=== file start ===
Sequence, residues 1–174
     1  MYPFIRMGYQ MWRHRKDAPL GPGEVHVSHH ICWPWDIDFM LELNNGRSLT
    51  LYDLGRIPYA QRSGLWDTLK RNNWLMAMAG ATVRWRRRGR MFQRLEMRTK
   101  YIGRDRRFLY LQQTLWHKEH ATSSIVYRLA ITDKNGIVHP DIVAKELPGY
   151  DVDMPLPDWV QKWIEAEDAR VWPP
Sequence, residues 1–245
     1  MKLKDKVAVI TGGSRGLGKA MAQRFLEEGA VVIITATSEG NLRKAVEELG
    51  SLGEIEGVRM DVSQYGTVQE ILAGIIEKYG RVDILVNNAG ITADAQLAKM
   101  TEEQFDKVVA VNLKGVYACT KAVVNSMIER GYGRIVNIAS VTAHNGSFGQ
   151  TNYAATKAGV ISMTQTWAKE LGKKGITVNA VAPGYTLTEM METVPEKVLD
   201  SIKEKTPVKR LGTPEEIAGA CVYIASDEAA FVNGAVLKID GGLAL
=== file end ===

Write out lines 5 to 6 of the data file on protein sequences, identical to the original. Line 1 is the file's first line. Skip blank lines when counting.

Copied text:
   151  DVDMPLPDWV QKWIEAEDAR VWPP
Sequence, residues 1–245